Submissions/The role of Wikimedia in emergency response
This is an accepted submission for Wikimania 2017.
- Submission no. 7038 - C5
- Title of the submission
- The role of Wikimedia in emergency response
- Type of submission (lecture, panel, tutorial/workshop, roundtable discussion, lightning talk, poster, birds of a feather discussion)
- Author of the submission
- Daniel Mietchen
- Language of presentation
- English. Happy to take questions in French and other languages.
- E-mail address
- User:Daniel Mietchen
- Country of origin
- Affiliation, if any (organisation, company etc.)
- Personal homepage or blog
- Abstract (up to 300 words to describe your proposal)
When disaster strikes at scale, Wikimedia usually responds: articles are written or updated, media are uploaded and integrated into these articles, references are added, queries and front page items produced and so on. The question I'd like to address here is how we can respond more efficiently and in a way that can be more tightly integrated with emergency responses from other communities, both on the ground (e.g. the Red Crescent and Red Cross movements) and online (e.g. Ushahidi).
For example, OpenStreetMap have set up the Humanitarian OpenStreetMap Team (HOT) that "applies the principles of open source and open data sharing for humanitarian response and economic development." In practice, this means, for instance, that when an earthquake occurs, they have mechanisms to quickly receive and act upon high-resolution satellite imaging data that facilitates detailed mapping of the damage and of the situation of roads, hospitals and other infrastructure after the event, or even before it. Their maps of the area are often the best ones available for on-the-ground responders, and widely used even by traditional humanitarian organizations that otherwise do not engage much with open digital communities.
The session will start with an introduction, in which I will give a few concrete examples of Wikimedia responses to past emergencies (e.g. to the Ebola outbreak in West Africa), along with information on some of the problems that had to be addressed on the way. Workshop participants will then be asked to work in groups on strategies for
- more efficient responses
- to specific kinds of emergencies (e.g. earthquakes, floods, tsunamis, tornados, disease outbreaks, war or terror)
- by individual Wikimedia projects (e.g. Wikinews, Wikivoyage, Wikispecies) or organizations (e.g. Wikimedia Nepal, WikiProject Med)
- more efficient means of communication about the emergency
- within the Wikimedia community
- with the communities affected on the ground
- with other responders, digital or on the ground.
The outcomes of this session will then be fed back into various community channels to raise awareness of the challenges and opportunities in this space, and to help get the ball rolling in terms of implementing some of the ideas that come out of the session.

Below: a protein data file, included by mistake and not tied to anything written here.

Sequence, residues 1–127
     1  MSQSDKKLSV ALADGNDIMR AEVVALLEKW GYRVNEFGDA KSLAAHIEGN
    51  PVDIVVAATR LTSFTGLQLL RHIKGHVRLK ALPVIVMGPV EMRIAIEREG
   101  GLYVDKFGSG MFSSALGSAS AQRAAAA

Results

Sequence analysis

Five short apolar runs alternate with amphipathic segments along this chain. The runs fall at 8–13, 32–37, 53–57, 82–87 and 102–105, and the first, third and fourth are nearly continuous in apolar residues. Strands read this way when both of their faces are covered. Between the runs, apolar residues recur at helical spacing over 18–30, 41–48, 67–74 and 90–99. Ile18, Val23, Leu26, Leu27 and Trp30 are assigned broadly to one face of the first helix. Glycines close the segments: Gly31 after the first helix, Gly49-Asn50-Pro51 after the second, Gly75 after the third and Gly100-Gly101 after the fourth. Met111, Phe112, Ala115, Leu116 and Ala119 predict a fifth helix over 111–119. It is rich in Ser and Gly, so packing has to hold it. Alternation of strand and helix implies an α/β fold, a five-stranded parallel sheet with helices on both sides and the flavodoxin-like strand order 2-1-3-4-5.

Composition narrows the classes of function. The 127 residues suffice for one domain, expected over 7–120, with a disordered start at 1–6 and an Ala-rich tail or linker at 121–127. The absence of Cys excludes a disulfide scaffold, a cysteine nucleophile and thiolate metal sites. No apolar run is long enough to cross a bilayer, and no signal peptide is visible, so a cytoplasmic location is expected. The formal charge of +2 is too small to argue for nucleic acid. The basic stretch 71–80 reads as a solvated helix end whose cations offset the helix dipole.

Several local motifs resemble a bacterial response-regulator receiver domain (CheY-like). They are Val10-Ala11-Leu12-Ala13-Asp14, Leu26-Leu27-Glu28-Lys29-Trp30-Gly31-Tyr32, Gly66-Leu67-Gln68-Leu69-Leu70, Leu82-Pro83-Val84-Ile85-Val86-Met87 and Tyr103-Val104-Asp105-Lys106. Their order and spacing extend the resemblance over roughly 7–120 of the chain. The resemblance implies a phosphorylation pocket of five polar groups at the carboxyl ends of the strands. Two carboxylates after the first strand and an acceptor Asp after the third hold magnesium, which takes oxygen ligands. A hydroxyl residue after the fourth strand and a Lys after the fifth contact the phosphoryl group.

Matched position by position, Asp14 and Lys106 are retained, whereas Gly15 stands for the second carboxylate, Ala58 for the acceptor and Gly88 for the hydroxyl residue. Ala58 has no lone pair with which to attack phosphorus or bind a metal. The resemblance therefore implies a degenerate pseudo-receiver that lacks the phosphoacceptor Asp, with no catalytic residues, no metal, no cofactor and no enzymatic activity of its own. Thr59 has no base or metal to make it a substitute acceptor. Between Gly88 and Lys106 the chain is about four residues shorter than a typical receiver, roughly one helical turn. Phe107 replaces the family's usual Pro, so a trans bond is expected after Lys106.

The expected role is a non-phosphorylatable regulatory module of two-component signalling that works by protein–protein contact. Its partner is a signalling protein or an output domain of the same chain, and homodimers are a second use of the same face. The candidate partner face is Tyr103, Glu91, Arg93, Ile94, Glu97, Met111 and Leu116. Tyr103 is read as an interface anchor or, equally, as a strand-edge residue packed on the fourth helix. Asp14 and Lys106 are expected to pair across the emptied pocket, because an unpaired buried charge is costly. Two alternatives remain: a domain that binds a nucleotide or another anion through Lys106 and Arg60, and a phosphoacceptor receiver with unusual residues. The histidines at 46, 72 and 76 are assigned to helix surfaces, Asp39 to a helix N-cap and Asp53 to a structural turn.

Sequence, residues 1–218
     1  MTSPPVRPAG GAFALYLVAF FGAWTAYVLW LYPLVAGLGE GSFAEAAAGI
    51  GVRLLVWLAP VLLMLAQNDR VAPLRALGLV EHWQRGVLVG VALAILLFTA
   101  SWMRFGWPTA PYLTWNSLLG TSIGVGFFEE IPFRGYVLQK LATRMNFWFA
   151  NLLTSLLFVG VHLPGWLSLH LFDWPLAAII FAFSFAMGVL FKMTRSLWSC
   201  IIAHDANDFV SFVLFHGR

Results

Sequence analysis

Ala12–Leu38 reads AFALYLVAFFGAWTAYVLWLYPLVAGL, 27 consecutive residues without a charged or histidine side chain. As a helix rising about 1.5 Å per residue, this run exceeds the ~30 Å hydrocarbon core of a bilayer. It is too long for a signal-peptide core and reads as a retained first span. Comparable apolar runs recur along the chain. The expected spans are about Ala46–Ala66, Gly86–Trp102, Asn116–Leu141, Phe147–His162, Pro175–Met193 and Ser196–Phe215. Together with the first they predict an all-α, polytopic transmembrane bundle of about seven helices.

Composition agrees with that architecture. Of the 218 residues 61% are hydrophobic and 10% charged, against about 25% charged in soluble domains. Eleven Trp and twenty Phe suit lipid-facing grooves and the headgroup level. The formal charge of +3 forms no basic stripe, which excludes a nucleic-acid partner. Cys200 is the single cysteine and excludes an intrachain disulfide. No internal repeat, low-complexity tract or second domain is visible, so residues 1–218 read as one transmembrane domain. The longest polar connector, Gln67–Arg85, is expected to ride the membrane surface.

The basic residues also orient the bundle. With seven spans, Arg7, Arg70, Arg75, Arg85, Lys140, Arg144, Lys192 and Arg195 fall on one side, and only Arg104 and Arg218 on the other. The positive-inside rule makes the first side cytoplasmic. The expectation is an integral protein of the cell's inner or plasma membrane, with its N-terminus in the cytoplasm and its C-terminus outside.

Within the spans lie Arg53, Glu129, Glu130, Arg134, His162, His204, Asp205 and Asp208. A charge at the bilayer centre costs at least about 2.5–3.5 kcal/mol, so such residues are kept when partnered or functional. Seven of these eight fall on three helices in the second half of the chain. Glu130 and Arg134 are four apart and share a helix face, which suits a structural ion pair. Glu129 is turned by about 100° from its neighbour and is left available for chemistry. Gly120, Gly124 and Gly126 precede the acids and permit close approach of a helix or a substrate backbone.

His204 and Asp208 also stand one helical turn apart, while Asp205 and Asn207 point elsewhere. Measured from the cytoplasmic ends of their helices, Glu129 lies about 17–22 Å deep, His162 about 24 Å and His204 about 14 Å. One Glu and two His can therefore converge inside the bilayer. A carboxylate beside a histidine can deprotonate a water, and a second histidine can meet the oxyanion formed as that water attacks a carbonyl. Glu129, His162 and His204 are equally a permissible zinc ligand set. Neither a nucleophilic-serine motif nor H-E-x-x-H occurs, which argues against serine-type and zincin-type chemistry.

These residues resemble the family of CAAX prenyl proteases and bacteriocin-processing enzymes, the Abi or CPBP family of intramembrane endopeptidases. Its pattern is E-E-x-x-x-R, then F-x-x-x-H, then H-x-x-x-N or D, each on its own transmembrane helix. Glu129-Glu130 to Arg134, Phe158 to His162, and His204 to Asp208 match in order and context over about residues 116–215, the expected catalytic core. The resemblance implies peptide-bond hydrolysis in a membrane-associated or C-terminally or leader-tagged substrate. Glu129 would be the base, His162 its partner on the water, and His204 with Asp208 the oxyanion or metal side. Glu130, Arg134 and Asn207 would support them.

- What will attendees take away from this session?
Attendees will get an overview of the kinds of ways in which Wikimedia has been, is or could be involved in disaster response, and some concrete ideas on how they or their respective communities can help make the response to the next emergency better.
- Theme of presentation
- WikiCulture & Community
- For workshops and discussions, what level is the intended audience?
intermediate or advanced in either emergency response (e.g. humanitarian aid, disaster management, infectious diseases etc.) or Wikimedia (any of the Wikimedia projects).
- Length of session (if other than 25 minutes, specify how long)
- 55 minutes
- Will you attend Wikimania if your submission is not accepted?
- Slides or further information (optional)
- meta:Wikimedians for Disaster Response
- Recent examples of Wikimedia involvement
- Ebola response (see James Heilman's talk earlier)
- Zika response
- e.g. Zika corpus on Wikidata
- integrating epidemiological data with Wikidata
- Earthquakes from this week
- What can we do to prepare for more effective Wikimedia responses?
- per wiki
- per WikiProject
- per chapter/ affiliate
- per language
- through external partners
- on the ground in affected/ high-risk areas
- globally, to help those in affected/ high-risk areas
- The examples are partly drawn from previous presentations I have given on data sharing in public health emergencies, but extend beyond both public health (e.g. environmental emergencies) and data sharing (e.g. translation efforts). My notes on the matter are being collected on GitHub.
- Special requests
- Is this Submission a Draft or Final?
This is a Completed submission for Wikimania 2017 ready to be reviewed by a member of the Programme Committee.
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